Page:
By Samantha Pugsley
Having a mental illness and being an artist is an interesting dynamic.
Art is extremely therapeutic. I’ve seen it happen in my own life. When I pick up my camera and have a vision of what I want to capture or sit down at my computer to write and the words come easily, I feel a calm descend. It’s the same feeling I get when I do the breathing exercises my therapist taught me. Not only do I feel better inside, I start being more open about my problems.
I suffer from anxiety – the kind that comes with panic attacks about ‘normal’ things that shouldn’t matter like driving and grocery shopping. The kind where getting out of bed and getting dressed feels too overwhelming sometimes. And while creating doesn’t take away all of these problems, it helps me talk about them.
There are moments like this one, when I’m writing and I can use language to illustrate the aspects of my mental illness that aren’t so easily discussed. There are moments when I’m alone in the woods with nothing but my camera and the images I create perfectly reflect my mental state. Exercising my creativity not only keeps me centered but helps me describe the parts of my disorder that sometimes seem unexplainable. Artists who struggle with a mental illness live for these moments.
As an artist embarks on their journey, there will often come a moment when they decide to share their work with others. Especially as an artist with a mental illness, the desire to share can feel almost as compulsory as the desire to create in the first place. It usually comes from a place of good will. You think, “Maybe there’s someone out there who will see this and feel less alone” or “Maybe this will inspire someone else who’s struggling to start creating.”
Any artist knows that when you put your work out there, someone will eventually reject it. Some just ‘won’t get it.’ Others will make that scrunched-up face people make when they can’t think of anything to say. At the very worst are those who tell you they don’t like what you’re doing, whether it’s your technique, color choice, word choice; I’m sure they’ll have a long list of ‘problems.’ Reactions like this come with the territory and it will hurt every time. After all, rejection is a very normal part of an artist’s journey. Most will persevere. They learn to listen to the criticism objectively, defend their work when it’s belittled, and ignore the naysayers.
What about the artist suffering from a mental illness? For us, rejection is different. It’s almost impossible for us to remain objective. If someone rejects our work, it feels as though they are rejecting us as a person and not just the art. Responding this way isn’t fair to the person who has every right to form an opinion about the art (especially since it’s being shared openly) or to the artist. But some facets of mental illness aren’t so easily calmed and so often we are left to cope with guilt, failure, and maybe worst of all, fear of creating again. Sadly, for some these afflicted artists (myself included), one of the only ways to heal is to make art but creativity becomes blocked when it feels like others don’t find value in us or in our work. What’s worse is that much of the time, we know it’s not true. We tell ourselves, “This is just the illness talking. Your work is worthy. You are worthy” to no avail. For most, the feeling will subside. A day will come when need to create returns and the longing to share comes back despite the bad experiences. And then the next rejection comes and the cycle begins again.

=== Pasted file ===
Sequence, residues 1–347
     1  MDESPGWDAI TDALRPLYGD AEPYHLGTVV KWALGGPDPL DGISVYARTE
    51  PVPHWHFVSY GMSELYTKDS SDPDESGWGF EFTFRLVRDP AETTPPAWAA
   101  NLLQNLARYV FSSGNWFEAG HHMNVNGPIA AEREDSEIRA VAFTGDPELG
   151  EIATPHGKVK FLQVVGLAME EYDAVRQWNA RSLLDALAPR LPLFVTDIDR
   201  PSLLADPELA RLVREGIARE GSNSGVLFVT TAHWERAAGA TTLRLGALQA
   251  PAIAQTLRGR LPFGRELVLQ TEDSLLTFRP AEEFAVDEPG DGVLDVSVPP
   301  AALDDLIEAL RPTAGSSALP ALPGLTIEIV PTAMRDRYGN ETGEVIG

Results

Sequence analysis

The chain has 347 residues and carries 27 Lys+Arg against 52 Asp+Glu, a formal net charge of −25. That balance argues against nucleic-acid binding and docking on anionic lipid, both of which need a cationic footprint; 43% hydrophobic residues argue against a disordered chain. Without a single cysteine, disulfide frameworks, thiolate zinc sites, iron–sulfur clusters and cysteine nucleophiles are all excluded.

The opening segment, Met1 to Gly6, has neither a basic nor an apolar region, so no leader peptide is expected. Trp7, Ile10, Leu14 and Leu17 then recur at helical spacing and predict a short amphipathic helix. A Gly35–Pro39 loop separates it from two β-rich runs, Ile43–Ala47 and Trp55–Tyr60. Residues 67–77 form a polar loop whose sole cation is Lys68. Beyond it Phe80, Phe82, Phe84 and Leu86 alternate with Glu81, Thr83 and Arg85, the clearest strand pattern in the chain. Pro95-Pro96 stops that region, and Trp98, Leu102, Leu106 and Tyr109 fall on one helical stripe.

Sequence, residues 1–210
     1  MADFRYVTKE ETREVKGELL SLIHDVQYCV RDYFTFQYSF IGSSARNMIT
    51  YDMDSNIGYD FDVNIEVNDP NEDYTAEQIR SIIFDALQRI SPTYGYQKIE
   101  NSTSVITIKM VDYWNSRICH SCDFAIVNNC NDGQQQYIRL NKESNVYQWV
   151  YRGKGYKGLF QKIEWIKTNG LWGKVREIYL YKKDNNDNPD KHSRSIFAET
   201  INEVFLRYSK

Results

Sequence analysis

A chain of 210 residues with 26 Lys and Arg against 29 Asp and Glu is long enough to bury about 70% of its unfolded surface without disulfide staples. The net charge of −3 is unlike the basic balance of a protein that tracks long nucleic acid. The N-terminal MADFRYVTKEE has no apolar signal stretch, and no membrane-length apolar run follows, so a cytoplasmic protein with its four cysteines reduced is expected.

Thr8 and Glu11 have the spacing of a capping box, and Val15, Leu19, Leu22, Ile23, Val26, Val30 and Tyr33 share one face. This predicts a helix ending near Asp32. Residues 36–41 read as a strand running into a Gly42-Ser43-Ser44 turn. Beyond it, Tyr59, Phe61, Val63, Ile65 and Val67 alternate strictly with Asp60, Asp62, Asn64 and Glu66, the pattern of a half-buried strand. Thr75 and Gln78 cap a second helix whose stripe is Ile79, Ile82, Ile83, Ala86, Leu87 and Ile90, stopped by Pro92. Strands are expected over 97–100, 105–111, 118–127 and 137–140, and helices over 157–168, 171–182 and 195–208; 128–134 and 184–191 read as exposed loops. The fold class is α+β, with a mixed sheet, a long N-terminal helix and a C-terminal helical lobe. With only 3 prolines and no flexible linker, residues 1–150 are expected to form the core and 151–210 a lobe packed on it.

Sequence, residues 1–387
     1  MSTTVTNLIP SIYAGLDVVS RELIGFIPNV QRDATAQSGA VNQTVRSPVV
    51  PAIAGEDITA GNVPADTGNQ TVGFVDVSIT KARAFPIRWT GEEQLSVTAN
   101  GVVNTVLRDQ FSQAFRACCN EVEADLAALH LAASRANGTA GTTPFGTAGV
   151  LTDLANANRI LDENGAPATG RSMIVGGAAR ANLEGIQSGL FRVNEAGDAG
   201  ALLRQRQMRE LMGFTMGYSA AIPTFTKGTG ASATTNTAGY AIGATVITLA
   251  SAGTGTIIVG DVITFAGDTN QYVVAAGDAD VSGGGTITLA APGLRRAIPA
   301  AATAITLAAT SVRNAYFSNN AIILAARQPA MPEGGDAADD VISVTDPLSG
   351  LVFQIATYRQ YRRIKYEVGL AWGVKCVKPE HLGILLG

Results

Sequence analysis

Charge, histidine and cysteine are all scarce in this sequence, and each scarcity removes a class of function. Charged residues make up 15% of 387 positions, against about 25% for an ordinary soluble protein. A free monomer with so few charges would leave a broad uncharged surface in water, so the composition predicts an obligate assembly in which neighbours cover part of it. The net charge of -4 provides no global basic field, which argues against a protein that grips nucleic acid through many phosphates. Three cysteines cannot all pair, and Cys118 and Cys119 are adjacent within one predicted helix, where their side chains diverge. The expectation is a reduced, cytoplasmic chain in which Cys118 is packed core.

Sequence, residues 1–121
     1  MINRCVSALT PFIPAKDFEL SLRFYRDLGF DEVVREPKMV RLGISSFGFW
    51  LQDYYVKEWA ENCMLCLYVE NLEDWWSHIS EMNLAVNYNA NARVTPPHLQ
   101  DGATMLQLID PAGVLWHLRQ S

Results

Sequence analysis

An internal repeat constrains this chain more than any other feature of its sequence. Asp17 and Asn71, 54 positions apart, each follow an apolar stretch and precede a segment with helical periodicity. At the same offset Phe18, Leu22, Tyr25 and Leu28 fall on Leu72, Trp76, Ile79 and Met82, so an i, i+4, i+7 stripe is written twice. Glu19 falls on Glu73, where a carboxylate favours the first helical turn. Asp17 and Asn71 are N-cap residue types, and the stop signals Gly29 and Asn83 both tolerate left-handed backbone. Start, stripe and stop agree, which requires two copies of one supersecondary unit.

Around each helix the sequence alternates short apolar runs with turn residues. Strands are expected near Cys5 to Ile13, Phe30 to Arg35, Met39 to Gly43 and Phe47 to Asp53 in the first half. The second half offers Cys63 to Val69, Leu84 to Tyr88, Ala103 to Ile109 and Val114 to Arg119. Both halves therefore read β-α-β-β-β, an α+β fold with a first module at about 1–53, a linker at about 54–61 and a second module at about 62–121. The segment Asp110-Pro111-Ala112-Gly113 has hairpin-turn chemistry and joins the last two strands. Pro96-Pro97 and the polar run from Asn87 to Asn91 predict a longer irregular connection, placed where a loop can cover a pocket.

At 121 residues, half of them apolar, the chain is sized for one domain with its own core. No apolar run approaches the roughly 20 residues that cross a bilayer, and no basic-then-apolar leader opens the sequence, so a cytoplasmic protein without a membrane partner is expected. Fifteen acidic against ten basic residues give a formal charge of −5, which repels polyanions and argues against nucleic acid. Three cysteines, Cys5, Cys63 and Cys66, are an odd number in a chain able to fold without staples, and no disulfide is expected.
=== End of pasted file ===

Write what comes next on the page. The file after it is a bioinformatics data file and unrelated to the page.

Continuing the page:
I don’t have any advice on how to overcome the effects of rejection as an artist with a mental illness. It’s something that I struggle with in my own creative journey frequently, especially since I want to make a career out of my art. But I can tell you that if you ever feel this way, you aren’t alone. When you get rejected, you’ll want to quit. You’ll want to stop putting your work out there for others to see. Don’t let your mental illness talk you into doing this. You need to share. For every rejection, there could be ten, twenty, a hundred others who saw your work, felt inspired by it, and didn’t have the words to tell you how it impacted them. Rejection will never be easy for us. And when it happens, our mental illnesses will attempt to keep us shut off from sharing for fear of the pain that comes along with it. Just try to remember that staying silent helps fuel the stigma associated with mental illness. By sharing, we’re giving a voice to those who are struggling and making it easier for these issues to be discussed openly and honestly.
As a note, there are communities and safe places for artists living with mental illness to share their work and receive encouragement. Broken Light Photography Collective is one exclusively for photographers. If you’re a writer try Open Minds Quarterly. If visual art is more your style, check out Fountain Gallery.